Once the fertilised egg or zygote has nestled into the wall of your womb, signals will be sent to your body to produce more oestrogen and progesterone. These and other hormones will help sustain your baby throughout your pregnancy. Some women experience a little bleeding as the embryo implants itself into the womb.
Congratulations, you are now officially pregnant! Being 3 weeks pregnant means that one of your partner’s sperm and one of your eggs have combined and you are in the earliest stages of pregnancy. If, by chance, you have released two eggs and they have both been fertilised, you will be pregnant with non-identical twins. You won’t know it though; all of this activity is going on deep inside one of your fallopian tubes at a tiny, microscopic level.
At 3 weeks pregnant, you are still a few weeks away from starting to feel the effects that pregnancy hormones will have on your body.
The process of fusion between your egg and a single sperm takes around 24 hours. Only one sperm makes it through to the centre of the egg, although a lot battle it out to be the one and only.
At the very moment when one sperm is successful, the egg builds up a protective wall around itself to stop others from entering. Eventually, the other sperm give up trying. If one egg is fertilised by a single sperm and divides separately, identical twins are formed at this very early stage.
The newly fertilised egg is called a zygote and starts dividing into more and more cells, until around the 3rd day, when 2 original cells have now become 12. The zygote is still in the fallopian tube at this stage and is steadily finding its way down to the womb where it will stay, hopefully for another 37 weeks or so.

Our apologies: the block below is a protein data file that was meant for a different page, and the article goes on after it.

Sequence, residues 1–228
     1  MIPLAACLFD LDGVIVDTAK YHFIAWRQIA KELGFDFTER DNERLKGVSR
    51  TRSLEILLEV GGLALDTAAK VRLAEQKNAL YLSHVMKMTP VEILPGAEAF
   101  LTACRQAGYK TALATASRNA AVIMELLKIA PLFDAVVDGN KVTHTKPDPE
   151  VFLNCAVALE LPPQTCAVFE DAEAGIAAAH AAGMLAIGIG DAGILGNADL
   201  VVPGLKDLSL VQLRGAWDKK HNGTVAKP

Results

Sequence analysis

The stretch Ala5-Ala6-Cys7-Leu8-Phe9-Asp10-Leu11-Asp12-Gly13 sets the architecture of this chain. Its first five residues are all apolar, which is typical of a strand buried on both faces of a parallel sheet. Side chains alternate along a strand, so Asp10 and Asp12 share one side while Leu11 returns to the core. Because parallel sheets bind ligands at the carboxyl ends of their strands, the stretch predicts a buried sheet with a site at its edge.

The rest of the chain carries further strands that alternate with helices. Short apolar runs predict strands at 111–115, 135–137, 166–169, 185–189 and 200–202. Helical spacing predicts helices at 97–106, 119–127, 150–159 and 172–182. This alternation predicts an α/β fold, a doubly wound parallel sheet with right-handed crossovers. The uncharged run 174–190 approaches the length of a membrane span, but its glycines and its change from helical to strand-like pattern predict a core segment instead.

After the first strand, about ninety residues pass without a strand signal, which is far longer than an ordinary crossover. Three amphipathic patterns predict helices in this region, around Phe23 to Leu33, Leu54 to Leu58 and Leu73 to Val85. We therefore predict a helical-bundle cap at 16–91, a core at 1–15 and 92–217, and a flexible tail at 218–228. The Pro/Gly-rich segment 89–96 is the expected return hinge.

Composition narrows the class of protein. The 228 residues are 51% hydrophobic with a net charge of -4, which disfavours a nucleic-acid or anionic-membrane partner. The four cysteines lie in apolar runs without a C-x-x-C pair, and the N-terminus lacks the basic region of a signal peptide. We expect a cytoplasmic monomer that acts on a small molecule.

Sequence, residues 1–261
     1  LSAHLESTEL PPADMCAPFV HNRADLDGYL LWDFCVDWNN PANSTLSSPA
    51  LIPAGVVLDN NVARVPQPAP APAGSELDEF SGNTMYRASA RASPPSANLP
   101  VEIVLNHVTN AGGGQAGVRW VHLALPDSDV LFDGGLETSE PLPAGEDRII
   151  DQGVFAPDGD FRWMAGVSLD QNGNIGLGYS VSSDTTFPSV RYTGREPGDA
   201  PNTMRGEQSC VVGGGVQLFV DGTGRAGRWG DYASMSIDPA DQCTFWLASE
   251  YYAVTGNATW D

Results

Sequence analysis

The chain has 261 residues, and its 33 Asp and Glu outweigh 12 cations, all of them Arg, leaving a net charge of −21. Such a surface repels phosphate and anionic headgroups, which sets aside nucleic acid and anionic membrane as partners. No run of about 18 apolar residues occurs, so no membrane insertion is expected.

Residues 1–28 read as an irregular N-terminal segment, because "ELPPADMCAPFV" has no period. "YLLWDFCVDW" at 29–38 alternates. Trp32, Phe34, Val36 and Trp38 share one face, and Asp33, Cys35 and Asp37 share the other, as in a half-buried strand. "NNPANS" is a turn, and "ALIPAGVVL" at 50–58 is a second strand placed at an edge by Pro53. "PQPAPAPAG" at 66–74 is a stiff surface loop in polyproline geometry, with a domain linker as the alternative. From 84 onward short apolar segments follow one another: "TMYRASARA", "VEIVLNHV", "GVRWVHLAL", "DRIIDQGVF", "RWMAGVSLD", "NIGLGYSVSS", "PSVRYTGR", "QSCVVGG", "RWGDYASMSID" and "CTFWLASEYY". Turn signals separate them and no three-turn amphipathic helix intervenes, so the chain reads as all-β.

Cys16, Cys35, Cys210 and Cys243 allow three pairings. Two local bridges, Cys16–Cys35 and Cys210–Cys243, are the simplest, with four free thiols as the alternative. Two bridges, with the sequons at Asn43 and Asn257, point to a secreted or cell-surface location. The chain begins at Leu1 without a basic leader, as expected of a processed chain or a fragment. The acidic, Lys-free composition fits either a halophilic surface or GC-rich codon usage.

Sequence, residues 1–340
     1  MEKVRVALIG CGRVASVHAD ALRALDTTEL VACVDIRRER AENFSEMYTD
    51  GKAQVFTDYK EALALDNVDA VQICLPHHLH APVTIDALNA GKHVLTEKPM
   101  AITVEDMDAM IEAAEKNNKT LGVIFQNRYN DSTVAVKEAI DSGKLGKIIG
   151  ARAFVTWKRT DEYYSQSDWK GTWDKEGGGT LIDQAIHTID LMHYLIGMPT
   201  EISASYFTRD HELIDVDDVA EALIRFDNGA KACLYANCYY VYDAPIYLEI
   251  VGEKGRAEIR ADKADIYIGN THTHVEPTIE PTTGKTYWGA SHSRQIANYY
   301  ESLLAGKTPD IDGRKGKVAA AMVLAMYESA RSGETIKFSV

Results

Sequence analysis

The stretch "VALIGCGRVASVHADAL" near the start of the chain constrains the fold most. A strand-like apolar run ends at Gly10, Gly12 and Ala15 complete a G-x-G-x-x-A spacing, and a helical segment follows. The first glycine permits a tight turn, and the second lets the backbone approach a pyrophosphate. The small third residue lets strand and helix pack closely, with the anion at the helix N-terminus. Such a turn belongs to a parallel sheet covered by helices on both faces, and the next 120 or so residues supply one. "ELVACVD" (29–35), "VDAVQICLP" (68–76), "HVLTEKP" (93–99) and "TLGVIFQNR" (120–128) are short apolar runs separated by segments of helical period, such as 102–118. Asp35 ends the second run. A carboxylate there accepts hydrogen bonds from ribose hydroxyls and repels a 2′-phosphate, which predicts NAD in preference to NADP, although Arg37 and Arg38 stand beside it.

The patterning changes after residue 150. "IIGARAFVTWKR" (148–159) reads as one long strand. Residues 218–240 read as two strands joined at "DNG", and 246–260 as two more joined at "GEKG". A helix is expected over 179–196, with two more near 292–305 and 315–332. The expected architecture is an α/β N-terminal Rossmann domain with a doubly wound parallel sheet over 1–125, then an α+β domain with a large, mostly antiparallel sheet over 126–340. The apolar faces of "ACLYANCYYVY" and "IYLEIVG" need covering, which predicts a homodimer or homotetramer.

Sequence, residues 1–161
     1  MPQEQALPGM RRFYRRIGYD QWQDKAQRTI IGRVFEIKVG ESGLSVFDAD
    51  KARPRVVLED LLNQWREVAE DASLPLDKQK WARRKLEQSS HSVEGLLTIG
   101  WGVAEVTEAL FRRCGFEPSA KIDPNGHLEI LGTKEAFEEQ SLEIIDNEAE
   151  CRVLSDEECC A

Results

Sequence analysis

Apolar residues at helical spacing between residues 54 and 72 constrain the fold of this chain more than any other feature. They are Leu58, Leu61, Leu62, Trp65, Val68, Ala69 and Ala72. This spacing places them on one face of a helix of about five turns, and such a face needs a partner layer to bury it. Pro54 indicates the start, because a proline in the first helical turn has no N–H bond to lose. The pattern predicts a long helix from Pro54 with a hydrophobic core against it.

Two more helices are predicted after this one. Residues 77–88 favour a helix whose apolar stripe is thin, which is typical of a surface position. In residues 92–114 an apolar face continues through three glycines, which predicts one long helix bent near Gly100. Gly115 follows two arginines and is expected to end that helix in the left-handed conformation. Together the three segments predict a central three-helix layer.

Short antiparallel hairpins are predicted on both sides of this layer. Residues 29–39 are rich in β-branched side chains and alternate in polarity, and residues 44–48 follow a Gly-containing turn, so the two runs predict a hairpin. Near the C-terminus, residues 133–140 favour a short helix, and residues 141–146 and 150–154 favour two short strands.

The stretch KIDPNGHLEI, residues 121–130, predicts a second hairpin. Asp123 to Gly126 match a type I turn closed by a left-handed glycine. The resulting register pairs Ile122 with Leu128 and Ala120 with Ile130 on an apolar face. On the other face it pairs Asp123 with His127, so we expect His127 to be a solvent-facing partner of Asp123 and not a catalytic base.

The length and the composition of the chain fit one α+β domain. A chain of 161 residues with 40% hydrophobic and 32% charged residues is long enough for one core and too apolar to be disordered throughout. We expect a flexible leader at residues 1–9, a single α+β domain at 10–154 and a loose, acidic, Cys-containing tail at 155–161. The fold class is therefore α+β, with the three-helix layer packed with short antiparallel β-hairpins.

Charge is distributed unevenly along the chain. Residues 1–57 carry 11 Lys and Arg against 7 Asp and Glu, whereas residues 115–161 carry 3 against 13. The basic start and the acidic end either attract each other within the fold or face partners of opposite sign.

Little finger-like projections of hair called cilia line the fallopian tube and wave the zygote along, to discourage it from settling where it shouldn’t. It takes around 60 hours for the fertilised egg to weave its way down to the womb, by which time the zygote has 60 cells, each with a predetermined job and a specialised function.
The zygote divides into two:
– its outer cells will form the placenta and
– the inner cells will develop into your baby
Around a week after the egg has been fertilised in the fallopian tube, it embeds itself in the lining of the womb. By now, there are 100 cells bunched together – this is called a blastocyst.
At this early point, the pregnancy hormone Human Chorionic Gonadotrophin (HCG) is produced, which can be detected in your urine or blood when a pregnancy test is done.
Your physical changes this week
- It is still too early for you to know that you are pregnant. Although you may be hoping you are and have stopped using contraceptives, it will still be a couple of weeks before you’ll know for certain.
- Some women are convinced that they are able to tell as soon as they conceive. They report a strange taste in their mouth, an odd feeling, or a sense that something has happened. Being 3 weeks pregnant is still so early that hormonal changes probably aren’t responsible for symptoms at this stage, but we cannot discount what a lot of women swear to be true.
- Nature is set up to succeed. You don’t need to be extra careful about physical activity or changing your usual routines. If one of your eggs has been fertilised, it already knows where to go and what it has to do.
Your emotional changes this week
- You may be feeling slightly “on edge” because you want time to go faster so you can tell if you’ve been successful. Sit tight – if you are 3 weeks pregnant, this is an essential stage of your baby’s early development. It cannot be rushed.
Your baby’s changes this week
- So far your baby is barely the size of a pin head. It is still a cluster of cells and doesn’t look anything like what it will become. But, it is rapidly dividing and multiplying over the full 24 hours of each day.
Hints for the week
- If you’re going to the dentist for a check-up, let them know you may be pregnant. X-rays in the early stages of pregnancy are not recommended.
- Be aware of any hazards around you. There are risks with some environmental factors such as pesticides and poisons that can have an affect on early cell division in pregnancy.
- Try to avoid drinking any alcohol or taking any medication unless it has been especially prescribed for you.
- Don’t forget to start taking a pre-natal vitamin with a folic acid supplement included.
Now, let’s see what happens in week 4 when implantation of the fertilised egg occurs.